Flood at Great Falls 1996
Before and After photos of the Flood of 1996


FLOODING – Olmsted Island

On average, there is a major flood that overflows the banks of the Potomac River about every 12-13 years, causing it to rise over the banks of Great Falls. The waters of the Potomac River which made the C&O Canal possible also threatened it regularly. There was a destructive flood in 1829, only one year after construction on the canal begun. The flood of 1852 caused the river to rise 64 feet at Great Falls. While the storm of 1889, bankrupted the C&O Canal Company, the flood damage of 1924 proved too costly to repair, ending the commercial career of the canal.

Flooding continues to affect the Potomac River Valley. The largest flood on record hit in 1936. Most recently, the flood of 1996 caused extensive damage to the C&O Canal National Historical Park. Portions of the towpath and many structures needed to be rebuilt. In fact, along the boardwalk leading out to Olmsted Island, part of the railings are removable to reduce damage during major floods.

Flooding causes alterations. Flooding has changed the shape of the Potomac River since its ancestral times. It has also affected the growth of vegetation and can be seen in the trunk shape of many of the older trees. After being knocked askew during flooding, they resumed growing upward again, resulting in a kinked trunk. The power of water can even lift large stones and wash them down river, depositing them in geologically alien landscapes, like a fish out of water.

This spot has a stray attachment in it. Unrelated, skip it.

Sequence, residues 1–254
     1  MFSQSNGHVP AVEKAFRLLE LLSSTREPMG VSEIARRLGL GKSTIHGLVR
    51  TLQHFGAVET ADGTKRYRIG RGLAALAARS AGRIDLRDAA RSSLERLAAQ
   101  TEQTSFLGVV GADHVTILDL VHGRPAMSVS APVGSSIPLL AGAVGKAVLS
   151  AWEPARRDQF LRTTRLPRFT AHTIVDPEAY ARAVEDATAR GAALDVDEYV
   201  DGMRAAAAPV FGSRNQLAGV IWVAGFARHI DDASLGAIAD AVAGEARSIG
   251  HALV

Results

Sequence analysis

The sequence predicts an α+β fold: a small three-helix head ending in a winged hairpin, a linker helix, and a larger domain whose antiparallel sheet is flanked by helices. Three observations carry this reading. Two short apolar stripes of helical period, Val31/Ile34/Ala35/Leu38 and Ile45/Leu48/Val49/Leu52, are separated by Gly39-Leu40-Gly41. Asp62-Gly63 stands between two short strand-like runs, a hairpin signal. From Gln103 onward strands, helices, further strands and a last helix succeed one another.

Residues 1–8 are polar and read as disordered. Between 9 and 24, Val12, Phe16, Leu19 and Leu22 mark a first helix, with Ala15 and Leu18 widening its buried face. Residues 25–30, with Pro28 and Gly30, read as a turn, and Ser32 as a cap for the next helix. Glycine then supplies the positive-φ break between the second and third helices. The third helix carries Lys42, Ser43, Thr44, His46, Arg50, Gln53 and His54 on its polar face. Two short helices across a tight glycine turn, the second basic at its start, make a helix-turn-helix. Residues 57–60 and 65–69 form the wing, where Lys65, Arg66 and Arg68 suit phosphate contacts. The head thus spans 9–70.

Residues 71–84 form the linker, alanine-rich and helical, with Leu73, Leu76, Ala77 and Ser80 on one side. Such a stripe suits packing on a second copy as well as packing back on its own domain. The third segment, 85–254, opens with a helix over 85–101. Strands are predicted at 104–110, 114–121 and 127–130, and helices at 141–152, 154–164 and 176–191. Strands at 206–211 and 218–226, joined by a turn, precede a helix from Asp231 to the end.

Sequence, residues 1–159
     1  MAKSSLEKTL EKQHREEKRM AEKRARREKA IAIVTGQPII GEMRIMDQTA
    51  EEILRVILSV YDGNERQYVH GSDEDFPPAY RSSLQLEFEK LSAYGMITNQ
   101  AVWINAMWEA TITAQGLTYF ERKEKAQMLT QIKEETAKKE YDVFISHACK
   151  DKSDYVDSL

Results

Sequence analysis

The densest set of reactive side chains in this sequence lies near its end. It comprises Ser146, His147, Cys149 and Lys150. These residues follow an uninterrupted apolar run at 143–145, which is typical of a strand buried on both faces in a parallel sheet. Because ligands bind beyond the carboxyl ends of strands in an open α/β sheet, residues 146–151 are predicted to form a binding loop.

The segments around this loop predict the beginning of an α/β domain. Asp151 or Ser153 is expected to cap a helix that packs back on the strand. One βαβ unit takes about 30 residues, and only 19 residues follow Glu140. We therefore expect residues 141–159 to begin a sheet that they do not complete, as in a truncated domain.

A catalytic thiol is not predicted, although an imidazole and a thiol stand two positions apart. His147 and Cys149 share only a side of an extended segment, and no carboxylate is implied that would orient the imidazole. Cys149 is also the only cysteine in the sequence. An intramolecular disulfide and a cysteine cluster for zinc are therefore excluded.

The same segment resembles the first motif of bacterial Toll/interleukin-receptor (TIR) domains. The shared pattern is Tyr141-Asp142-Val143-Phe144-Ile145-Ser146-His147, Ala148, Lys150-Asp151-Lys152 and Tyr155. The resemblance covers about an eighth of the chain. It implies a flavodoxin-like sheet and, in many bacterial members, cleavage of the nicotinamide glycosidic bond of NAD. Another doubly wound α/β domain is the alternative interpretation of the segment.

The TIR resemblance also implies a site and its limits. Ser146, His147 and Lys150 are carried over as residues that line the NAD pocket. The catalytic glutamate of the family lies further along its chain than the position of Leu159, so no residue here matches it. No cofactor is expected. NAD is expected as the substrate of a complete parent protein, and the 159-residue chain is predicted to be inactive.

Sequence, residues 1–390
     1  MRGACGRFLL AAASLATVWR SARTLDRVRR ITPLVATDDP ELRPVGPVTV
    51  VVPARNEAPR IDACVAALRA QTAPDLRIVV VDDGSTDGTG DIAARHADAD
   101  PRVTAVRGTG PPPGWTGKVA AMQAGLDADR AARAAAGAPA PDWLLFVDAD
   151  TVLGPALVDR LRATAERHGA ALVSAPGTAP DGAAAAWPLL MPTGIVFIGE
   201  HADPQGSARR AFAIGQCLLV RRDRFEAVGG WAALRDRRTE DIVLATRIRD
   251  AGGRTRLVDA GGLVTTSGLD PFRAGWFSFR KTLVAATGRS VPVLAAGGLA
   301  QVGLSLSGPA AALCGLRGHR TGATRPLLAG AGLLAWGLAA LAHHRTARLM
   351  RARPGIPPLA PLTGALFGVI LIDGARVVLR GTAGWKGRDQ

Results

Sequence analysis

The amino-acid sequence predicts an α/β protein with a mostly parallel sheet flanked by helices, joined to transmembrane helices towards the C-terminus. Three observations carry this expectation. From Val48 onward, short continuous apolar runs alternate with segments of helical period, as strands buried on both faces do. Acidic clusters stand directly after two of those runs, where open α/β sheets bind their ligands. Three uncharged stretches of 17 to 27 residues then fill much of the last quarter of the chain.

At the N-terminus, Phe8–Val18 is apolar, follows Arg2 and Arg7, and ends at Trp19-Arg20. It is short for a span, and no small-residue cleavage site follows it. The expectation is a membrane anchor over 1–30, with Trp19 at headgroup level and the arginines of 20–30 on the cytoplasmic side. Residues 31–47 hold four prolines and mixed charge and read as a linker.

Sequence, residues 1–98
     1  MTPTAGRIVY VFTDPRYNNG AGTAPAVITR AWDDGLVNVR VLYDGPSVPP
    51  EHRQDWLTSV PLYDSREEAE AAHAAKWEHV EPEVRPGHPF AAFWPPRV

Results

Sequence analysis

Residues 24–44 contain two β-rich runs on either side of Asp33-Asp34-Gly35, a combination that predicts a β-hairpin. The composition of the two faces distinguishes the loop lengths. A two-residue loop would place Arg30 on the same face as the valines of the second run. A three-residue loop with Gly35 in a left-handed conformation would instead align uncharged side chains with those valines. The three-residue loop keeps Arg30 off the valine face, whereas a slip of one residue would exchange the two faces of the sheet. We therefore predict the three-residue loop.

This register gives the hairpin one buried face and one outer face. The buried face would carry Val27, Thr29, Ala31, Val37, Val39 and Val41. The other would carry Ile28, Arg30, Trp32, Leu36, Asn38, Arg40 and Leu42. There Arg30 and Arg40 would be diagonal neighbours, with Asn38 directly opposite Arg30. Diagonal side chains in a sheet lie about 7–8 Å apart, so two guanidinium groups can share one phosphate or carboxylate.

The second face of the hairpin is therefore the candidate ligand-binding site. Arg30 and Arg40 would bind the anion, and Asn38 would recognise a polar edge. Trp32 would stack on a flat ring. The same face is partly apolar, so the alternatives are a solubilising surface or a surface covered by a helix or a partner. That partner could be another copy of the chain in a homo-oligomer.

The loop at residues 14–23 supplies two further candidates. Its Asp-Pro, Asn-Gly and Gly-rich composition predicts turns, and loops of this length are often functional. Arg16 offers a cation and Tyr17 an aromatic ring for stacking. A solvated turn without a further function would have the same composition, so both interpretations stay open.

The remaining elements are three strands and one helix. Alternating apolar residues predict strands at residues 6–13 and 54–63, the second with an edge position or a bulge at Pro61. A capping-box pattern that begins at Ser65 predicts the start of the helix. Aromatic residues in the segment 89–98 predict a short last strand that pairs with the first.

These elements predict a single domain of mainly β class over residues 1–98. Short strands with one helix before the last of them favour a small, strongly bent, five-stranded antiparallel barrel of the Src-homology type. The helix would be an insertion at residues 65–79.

Discussion Questions: Flooding affects many people’s lives, whether they live along streams, rivers, or coasts. What can be done to reduce the harmful effects of flooding? What previous efforts have been successful & which ones haven’t? Why?

Trees affected by flooding
Kinked tree trunks caused by new growth following a flood

NPS / Nanette Nyce

Additional C&O Geology pages: Locks 15-20 | Olmsted Island | Devils Eyebrow | Purplehorse Beach | Pothole Alley | Widewater | Lamprophyre Dikes | Mather Gorge | Paw Paw Tunnel | Cumberland Coal

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Last updated: September 6, 2023

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